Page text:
Directions (1- 10): Read the following passage carefully and answer the questions given below them. Certain words/phrases have been printed in bold to help you locate them while answering some of the questions.
Last year the idea took hold that Mark Zuckerberg might run for president in 2020 and seek to lead the world’s most powerful country. Today, Facebook’s founder is fighting to show that he is capable of leading the World’s eighth-biggest listed company or that any of its 2.1bn users should trust it. News that Cambridge Analytica (CA), a firm linked to President Donald Trump’s 2016 campaign, got data on 50m Facebook users in dubious, possibly illegal, ways has lit a firestorm. Mr. Zuckerberg took five days to reply and, when he did, he conceded that Facebook had let its users down in the past but seemed not to have grasped that its business faces a wider crisis of confidence. After months of talk about propaganda and fake news, politicians in Europe and, increasingly, America see Facebook as out of control and in denial. Congress wants him to testify. Expect a roasting.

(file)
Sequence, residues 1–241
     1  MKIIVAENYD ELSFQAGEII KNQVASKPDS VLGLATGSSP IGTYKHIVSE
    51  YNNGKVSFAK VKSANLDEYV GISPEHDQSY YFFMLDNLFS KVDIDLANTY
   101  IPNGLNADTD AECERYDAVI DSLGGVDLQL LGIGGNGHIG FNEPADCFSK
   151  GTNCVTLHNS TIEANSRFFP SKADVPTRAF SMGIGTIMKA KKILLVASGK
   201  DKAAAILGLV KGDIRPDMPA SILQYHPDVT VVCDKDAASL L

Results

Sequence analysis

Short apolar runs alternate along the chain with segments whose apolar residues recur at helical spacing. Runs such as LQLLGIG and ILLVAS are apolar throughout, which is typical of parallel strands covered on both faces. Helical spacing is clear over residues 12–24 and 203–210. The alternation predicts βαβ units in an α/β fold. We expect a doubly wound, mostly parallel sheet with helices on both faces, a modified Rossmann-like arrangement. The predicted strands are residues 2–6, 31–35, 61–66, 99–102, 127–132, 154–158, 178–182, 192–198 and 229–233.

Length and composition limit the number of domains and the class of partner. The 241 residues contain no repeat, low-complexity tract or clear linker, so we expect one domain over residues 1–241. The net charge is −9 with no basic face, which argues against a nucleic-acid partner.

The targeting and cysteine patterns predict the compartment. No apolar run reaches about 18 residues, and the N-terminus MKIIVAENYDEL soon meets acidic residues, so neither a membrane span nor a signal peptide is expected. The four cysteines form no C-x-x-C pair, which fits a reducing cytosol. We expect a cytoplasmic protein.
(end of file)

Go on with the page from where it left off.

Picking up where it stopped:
Since the news, spooked investors have wiped 9% off Facebook’s shares. Consumers are belatedly waking up to the dangers of handing over data to tech giants that are run like black boxes. Already, according to the Pew Research Centre, a think tank, a majority of Americans say they distrust social-media firms. Mr. Zuckerberg and his industry need to change, fast.
The addiction game
Facebook’s business relies on three elements: keeping users glued to their screens, collecting data about their behavior and convincing advertisers to pay billions of dollars to reach them with targeted ads. The firm has an incentive to promote material that grabs attention and to sell ads to anyone. Its culture melds a ruthless pursuit of profit with a Panglossian and narcissistic belief in its own virtue. Mr. Zuckerberg controls the firm’s voting rights. Clearly, he gets too little criticism.